Common Security Mistakes That Leave Businesses Vulnerable To Attack

Today, businesses are more open to attack than ever before. There is no doubt that technology is helping hackers achieve results that were impossible in the past. Because of that, businesses are living in fear. However, businesses also don’t help themselves. It is true that hackers do a lot of damage, but it is mainly damage that businesses bring on themselves by making mistakes.

As a business owner, you understand that you are always on the edge with regards to your security. For that reason, there is no excuse to lose focus on security matters. When you make a mistake, no matter how small, you invite external sources into your private server. And, when that happens, all hell breaks loose.

You have to stop making these mistakes if you ever want to feel secure. Luckily, the majority of them are silly mistakes that are easy to rectify. All you have to do is understand where you are going wrong, and then you can make the necessary changes.

The ‘Subtle’ Post-It Note

Don’t let the heading fool you – there is nothing subtle about a Post-It note. There is especially nothing subtle about it if it contains all of your usernames and passwords to your online accounts. Anyone who gets their hands on that information can bypass all of your security controls and help themselves to your data. Think of it as the equivalent of leaving a house key under a plant pot. Effectively, you are handing them the keys to your business. Experts estimate a total of fifteen percent of all businesses make this mistake, and you might well be one of them. If you do, shred the note and memorize the details off by heart.

‘We Know Better Than You’ Ideology

The problem with running a business is that you have to deal with a lot of egos. For example, you will have employees that think they know better than the company. These are the employees that make independent decisions that are to the detriment of the entire firm. One example is turning off antivirus software. They believe that they don’t need the antivirus software because it doesn’t work or because it slows down their desktop. If they are connected to your server, they need it because a hacker can use them as a gateway. Always make your security policy company policy, and reprimand those that don’t adhere to the rules.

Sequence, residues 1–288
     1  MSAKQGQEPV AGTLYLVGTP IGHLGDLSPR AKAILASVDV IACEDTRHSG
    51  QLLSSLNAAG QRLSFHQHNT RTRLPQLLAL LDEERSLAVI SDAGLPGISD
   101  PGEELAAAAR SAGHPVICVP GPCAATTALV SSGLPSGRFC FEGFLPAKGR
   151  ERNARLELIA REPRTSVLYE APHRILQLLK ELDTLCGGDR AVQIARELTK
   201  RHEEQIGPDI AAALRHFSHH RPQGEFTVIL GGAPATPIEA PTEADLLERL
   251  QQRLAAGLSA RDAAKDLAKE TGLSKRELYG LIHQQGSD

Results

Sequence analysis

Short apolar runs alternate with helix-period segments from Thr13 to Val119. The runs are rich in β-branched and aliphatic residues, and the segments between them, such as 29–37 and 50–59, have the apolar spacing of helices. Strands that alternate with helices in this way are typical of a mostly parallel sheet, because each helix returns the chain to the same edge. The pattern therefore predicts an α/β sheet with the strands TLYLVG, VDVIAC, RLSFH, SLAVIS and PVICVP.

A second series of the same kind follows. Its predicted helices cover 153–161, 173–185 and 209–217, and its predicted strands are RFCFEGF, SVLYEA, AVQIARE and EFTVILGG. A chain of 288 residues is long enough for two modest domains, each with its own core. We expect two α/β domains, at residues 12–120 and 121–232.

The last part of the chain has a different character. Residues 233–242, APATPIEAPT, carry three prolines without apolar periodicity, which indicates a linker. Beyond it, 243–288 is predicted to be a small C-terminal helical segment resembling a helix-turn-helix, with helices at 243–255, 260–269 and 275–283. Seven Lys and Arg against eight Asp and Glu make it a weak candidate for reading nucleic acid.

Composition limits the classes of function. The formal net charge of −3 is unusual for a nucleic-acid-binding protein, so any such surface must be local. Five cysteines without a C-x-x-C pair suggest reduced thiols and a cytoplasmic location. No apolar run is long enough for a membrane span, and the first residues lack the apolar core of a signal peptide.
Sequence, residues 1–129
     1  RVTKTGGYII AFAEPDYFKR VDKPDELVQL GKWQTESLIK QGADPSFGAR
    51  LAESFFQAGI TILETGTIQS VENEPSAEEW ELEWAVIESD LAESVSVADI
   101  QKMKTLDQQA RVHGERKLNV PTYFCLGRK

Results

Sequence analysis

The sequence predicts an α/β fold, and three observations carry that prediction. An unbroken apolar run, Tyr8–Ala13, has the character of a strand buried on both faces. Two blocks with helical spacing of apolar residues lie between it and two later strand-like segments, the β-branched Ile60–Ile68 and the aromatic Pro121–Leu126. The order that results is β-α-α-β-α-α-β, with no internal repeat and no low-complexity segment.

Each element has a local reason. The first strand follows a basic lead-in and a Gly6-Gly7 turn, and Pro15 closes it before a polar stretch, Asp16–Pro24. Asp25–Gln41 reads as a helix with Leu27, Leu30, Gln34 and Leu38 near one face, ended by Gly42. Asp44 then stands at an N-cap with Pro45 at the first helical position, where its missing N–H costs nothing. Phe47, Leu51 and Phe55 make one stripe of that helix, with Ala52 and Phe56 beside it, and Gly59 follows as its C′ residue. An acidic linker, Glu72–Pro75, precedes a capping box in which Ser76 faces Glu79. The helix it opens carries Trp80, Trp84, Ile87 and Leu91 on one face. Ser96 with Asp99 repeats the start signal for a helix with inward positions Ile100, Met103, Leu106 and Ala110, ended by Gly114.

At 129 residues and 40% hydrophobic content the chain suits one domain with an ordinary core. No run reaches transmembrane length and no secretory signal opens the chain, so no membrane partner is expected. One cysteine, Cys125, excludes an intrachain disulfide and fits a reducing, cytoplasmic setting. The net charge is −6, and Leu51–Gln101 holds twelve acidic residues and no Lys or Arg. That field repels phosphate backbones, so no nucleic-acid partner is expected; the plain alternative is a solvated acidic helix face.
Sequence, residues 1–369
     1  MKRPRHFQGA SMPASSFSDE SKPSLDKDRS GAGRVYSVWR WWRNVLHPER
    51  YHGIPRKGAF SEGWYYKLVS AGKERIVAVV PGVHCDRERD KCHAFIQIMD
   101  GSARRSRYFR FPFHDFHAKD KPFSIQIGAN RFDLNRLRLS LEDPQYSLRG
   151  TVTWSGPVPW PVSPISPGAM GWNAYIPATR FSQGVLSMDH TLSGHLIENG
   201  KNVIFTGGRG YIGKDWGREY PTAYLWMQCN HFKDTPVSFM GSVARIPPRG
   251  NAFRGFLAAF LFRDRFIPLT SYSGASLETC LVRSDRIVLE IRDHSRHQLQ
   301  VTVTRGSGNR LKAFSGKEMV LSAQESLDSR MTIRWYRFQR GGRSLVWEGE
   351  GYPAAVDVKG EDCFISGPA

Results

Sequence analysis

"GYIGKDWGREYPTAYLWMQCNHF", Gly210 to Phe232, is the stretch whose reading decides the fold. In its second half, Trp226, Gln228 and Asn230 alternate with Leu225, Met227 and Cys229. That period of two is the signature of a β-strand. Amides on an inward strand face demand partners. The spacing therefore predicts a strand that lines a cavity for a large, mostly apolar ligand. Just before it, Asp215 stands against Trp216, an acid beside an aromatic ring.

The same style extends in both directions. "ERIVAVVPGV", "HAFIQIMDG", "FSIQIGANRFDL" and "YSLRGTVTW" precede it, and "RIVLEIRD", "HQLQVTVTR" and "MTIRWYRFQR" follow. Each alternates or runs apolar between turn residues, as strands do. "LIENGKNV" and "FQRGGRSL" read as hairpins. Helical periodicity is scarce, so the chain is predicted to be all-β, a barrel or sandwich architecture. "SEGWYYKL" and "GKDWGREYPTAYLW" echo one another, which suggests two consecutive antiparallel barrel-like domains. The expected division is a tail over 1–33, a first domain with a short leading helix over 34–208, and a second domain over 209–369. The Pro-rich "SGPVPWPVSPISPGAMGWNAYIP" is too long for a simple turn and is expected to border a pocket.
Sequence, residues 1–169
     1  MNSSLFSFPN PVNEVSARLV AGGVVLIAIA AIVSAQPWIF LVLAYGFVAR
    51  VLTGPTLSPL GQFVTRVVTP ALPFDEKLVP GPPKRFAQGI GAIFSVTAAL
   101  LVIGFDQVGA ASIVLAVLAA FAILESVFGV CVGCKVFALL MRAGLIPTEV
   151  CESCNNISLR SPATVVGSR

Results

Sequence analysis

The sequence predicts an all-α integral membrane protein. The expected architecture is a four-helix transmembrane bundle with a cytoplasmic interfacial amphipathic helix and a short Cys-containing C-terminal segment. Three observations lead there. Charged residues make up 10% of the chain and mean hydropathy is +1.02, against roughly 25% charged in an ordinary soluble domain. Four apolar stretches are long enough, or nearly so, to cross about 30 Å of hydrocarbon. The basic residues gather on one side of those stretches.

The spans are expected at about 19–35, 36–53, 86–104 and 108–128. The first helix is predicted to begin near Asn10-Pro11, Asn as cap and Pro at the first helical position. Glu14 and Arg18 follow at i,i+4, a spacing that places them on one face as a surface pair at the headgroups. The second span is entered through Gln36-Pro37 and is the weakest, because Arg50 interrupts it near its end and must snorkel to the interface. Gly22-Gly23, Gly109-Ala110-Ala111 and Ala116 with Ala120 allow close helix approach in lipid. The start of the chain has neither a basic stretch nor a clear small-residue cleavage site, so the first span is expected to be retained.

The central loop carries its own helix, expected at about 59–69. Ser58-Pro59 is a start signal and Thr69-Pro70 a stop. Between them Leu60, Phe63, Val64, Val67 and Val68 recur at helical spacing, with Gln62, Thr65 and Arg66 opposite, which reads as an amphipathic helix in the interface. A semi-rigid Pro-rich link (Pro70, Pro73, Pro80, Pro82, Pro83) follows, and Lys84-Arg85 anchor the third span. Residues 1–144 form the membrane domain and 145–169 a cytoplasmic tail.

Leaving The Computer On And Unattended

As this post from ATB Technologies clarifies, a data breach is about much more than a strong firewall. You might have the strongest firewall on the market, with awesome antivirus software and a great security policy. But, none of that matters if you or your staff leaves their computer unattended. When a computer isn’t locked, you don’t need to go through any security protocols to tap into the information. And, a firewall certainly won’t help. The only way you can solve this problem is by shutting off all devices when no one is there to oversee their use. Make sure that someone has to input your password before they can browse your server. At least they have to perform a few tasks to breach that particular safeguard.

Opening Emails With Viruses

‘Yeah, but how do I know it has a virus?’ The answer is simple: it is from an unknown source or an establishment you don’t trust. Any email that looks dodgy probably is dodgy, so avoid it like the plague. Email accounts are the bane of the IT support team because they are a notorious weak point with regards to security. The reason is that anyone will open an email if it has the right description because curiosity is too tempting. But, it is also important to remember that curiosity killed the cat, or in this case, your business. Only open emails from people that you trust or that your antivirus software validates. That way, you know that it is safe and secure.

Using Weak Passwords

This has to be the biggest bugbear of them all because it is so lazy. A password is up to fifteen to twenty characters long, which isn’t very long. If you can’t be bothered typing that amount of characters every day, you are in trouble. It is a sign that you or your staff doesn’t take your security responsibilities seriously. Passwords are there for a reason – to protect private and sensitive information. The weak passwords don’t do this, and they publicize your information to any half-assed hacker. Again, make it company policy that passwords need to contain a mixture of upper and lower case letters, numbers and characters. These passwords are almost impossible to guess unless you have inside information.